The Linux Foundation is embracing the Xen hypervisor, giving major clouds such as Google and Amazon a greater influence in the development of the open source technology. The announcement was made at the Linux Foundation Collaboration Summit in San Francisco on Sunday, and sees the Xen project become a Linux Foundation …
"A more balanced equilibrium"
Made me smile.
They've learned the lessons of cloud computing. It's redundancy in case one of the words fails.
Re: Linux Foundation
I thought you'd previously said that the time of Linux on the desktop was here and had been for a while?
XP isn't defunct, it's just neglected and will soon be abandoned but it will still work. I'd love to run XP (in a sandbox) but will Microsoft sell licenses for it in the future?
My year of Linux on the Laptop is here since I took the plunge last week and now have Linux Mint13 running. I'm impressed with it but I've had problems that need mildly advanced technical abilities to solve. I've been trawling the forums with good results and have noticed that there is fragmentation, between distros, of internal management and organisation. The end result is that a solution that works on one distro needs to be modified to work on another distro. From what I've seen, Linux is not suitable for the average domestic consumer/user.
KaiVee... KaiVee... KaiVee... KVMMMM
I was trying to do the Jaws sound track. However IMO Xen is running scared of the more open and closer to the kernel KVM. Maybe they looked at the number of those big names who have already started r&d'ing KVM to replace their Xen setup.
Xen is dead
Xen was dead when SuSE and Red Hat abandoned it in favor of KVM. Amazon forked Xen years ago and are now stuck as their changes are not compatible with the newer Xens (not the first time Amazon made that mistake by modifying software too much and not maintaining compatibility).
Only folks left using Xen are those that have been stuck using it. I've talked to many people at Citrix, they won't hesitate to recommend VMware. I commend them for that -- they freely admit that Xen is there for those that don't have the budget for VMware, but they fully acknowledge it's not in the same league. It's refreshing to see a company to own up to something like that (I say that as a Citrix customer - though not for Xen).
The Xen architecture is obsolete, it really always was. It's never been competitive, and now pretty much the entire open source community who was on that bandwagon got off of it years ago. The only reason why people hopped onto it is because they didn't want to fork over their $$ to vmware, not because it was ever a good product. Now that they have a promising product and architecture in KVM the future of open source hypervisors and clouds and shit looks much brighter (I say this as a vmware customer for the past 14 years).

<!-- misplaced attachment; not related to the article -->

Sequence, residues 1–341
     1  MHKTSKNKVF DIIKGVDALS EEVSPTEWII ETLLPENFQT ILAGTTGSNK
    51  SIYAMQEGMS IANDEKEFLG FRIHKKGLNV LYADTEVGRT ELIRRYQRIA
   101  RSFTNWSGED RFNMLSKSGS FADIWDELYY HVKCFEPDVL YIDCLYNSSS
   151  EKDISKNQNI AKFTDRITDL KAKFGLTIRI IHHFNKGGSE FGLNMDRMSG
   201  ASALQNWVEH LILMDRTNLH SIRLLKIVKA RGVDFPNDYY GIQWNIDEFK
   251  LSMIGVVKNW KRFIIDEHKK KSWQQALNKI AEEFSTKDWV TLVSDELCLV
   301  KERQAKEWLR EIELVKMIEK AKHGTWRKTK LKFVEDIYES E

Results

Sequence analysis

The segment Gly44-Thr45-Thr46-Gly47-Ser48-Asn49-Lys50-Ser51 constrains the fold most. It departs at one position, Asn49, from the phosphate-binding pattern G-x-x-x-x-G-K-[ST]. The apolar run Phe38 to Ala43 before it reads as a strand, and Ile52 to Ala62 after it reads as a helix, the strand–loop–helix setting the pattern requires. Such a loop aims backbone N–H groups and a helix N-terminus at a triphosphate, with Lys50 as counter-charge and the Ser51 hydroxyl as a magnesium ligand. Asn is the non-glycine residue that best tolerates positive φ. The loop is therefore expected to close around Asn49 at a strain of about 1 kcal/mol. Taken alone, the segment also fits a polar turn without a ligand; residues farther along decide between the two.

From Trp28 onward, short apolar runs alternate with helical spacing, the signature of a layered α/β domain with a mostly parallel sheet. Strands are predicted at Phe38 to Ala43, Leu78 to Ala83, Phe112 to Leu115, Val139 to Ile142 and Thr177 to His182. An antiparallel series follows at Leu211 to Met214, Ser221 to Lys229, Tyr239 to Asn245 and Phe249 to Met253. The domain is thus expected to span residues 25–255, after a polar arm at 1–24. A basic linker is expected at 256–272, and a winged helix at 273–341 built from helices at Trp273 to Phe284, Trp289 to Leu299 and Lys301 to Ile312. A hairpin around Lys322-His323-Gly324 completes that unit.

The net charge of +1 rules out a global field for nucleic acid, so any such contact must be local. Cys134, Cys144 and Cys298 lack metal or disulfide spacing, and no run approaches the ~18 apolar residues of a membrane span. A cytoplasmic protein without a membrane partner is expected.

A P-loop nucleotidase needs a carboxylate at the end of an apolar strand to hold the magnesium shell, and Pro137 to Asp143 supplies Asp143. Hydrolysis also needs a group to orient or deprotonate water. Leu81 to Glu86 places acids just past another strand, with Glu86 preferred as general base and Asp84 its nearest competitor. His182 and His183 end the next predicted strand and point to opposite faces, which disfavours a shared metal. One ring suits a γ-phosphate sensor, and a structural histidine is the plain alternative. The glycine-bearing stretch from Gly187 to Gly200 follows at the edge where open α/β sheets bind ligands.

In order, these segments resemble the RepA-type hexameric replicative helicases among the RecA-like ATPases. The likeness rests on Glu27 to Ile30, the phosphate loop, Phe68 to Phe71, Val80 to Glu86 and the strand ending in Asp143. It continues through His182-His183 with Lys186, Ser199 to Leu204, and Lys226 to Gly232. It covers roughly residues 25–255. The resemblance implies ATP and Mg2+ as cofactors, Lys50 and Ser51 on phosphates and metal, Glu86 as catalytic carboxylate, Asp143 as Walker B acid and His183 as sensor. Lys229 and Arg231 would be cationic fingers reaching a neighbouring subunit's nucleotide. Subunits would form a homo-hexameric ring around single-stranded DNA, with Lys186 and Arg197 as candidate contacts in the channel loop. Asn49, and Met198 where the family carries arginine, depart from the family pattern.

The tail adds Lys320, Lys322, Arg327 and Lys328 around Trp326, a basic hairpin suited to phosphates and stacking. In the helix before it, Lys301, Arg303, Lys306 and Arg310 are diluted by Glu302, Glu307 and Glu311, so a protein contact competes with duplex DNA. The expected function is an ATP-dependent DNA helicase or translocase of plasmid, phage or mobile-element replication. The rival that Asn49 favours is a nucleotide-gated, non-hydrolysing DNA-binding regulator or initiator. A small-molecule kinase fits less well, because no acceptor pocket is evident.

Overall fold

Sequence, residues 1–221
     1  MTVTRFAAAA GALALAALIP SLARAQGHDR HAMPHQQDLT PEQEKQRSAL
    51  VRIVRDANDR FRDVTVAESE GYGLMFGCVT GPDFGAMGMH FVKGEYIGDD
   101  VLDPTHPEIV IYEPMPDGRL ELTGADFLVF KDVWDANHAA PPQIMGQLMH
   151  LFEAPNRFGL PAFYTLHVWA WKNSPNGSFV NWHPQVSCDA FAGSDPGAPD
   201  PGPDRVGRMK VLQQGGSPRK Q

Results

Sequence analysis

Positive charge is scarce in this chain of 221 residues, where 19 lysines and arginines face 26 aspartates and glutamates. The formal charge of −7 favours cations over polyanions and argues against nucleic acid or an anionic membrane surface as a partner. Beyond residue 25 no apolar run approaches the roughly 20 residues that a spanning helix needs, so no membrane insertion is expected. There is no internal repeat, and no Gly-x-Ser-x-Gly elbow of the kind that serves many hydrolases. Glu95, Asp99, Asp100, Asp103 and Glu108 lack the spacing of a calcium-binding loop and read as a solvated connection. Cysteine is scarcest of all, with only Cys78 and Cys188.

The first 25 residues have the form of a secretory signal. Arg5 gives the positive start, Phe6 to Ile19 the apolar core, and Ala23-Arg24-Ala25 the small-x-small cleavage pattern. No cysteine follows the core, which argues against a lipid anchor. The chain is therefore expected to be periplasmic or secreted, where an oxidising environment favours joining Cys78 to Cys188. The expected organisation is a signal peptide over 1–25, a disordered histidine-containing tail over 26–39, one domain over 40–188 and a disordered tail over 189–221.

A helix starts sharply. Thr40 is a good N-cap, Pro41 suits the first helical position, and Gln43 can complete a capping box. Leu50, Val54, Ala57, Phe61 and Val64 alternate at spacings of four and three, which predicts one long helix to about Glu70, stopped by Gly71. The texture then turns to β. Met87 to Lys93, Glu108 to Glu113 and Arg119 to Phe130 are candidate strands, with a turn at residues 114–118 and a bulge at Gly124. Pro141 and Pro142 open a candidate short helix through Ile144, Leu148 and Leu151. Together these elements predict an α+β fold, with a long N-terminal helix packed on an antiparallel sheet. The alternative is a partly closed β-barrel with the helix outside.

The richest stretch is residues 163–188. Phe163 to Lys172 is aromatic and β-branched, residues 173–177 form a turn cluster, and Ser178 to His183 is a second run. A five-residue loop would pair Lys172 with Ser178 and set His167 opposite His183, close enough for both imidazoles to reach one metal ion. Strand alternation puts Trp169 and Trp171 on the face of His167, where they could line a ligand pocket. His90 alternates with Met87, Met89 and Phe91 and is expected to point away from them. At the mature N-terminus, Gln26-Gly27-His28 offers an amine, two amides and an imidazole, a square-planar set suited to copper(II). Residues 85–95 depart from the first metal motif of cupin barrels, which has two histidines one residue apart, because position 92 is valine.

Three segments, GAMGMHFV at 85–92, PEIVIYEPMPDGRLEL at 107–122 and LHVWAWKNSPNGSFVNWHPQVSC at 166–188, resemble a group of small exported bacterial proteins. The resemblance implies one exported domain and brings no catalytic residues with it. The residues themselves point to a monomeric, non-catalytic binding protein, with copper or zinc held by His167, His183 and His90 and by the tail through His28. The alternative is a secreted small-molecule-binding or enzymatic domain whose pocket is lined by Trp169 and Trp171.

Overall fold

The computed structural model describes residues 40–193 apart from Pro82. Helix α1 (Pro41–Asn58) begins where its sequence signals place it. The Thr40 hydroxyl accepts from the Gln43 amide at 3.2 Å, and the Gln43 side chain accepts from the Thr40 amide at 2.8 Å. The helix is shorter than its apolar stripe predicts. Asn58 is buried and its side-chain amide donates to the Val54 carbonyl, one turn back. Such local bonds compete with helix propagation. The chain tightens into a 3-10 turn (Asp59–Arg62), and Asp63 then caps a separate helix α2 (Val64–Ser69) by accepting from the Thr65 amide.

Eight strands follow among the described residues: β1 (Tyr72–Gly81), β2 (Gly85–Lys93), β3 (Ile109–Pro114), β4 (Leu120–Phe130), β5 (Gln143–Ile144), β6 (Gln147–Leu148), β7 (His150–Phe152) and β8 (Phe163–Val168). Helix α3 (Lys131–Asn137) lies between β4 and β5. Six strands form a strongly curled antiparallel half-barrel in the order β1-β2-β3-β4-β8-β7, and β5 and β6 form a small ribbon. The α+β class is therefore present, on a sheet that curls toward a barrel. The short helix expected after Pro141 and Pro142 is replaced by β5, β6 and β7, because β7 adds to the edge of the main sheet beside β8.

Can't dispute KVM is getting some big backing, but Xen still has better manageability and 3rd party support perspective. So its not quite as clear cut as your seem to assume.
Re: Xen is dead
If Xen's "dead" and and "obsolete" can you then explain why large hosting companies such as Rackspace have based there Cloud Computing offerings on it? In the real world, Xen is a fundamentally simpler and more elegant architecture than KVM, which is frankly more suitable for a desktop running a single virtualised instance of Windows than a server running many instances of Windows, Linux, etc.
An interesting turn in the market
(Declaration of interests: I've consulted for Citrix, and have a lot of friends there.)
I've felt for some time that Xen would be better fit as an independent product, with the likes of Citrix layering products, services and consultancy on top of it; becoming, in effect, clients of Xen rather than holding ownership. To me, this is a great move. Once Xen has been properly established in an independent development track, and the market, rather than a single company, has been shown to drive development, this could mark a renaissance, and a solid alternative to KVM and VMWare.
It's not the hyper visor that counts...
... so much, it's the management functions. What makes and breaks vm platforms is all the dry stuff like scalability, storage, reliability, metrics, maintenance... VMware is not just there a quality hyper visor, it's the relevance customers can subscribe to: third party support with strong product lifecycles and features, all the key components of Total cost.
Now sure, Xen (and KVM) have a lot of cool stuff too, but they are not as simple to run for non-nixers and the like. Hence the take up of virtualbox despite Larry the Reaper's shadow, not to mention others fighting over the same bodily remains- eg devlish perpetrators like RedHat and MS shouting Hype through every hailer.
Besides the BSD kernel and stack has a lot to do with VMware's uptime advantage with paying customers. Once Linux can keep its pants up under serious load the KVM vs Xen debate will be an interesting one.
For reliability at any non-desktop level it still goes BSD, Nix/win, ie VMware, OSX plus VMware or parallels, nix or windows plus your choice of hypervisor. HyperV probably still competes with non-custom versions of Xen on non-custom kernels... Such as The ones amazon codes and deploys to maintain AWS uptimes.
Re: It's not the hyper visor that counts...
<p>For reliability at any non-desktop level it still goes BSD, ...</p>
<p>Have to agree. Xen running with a BSD (or Solaris) as the Dom0 is rock solid and behaves well under load.</p>
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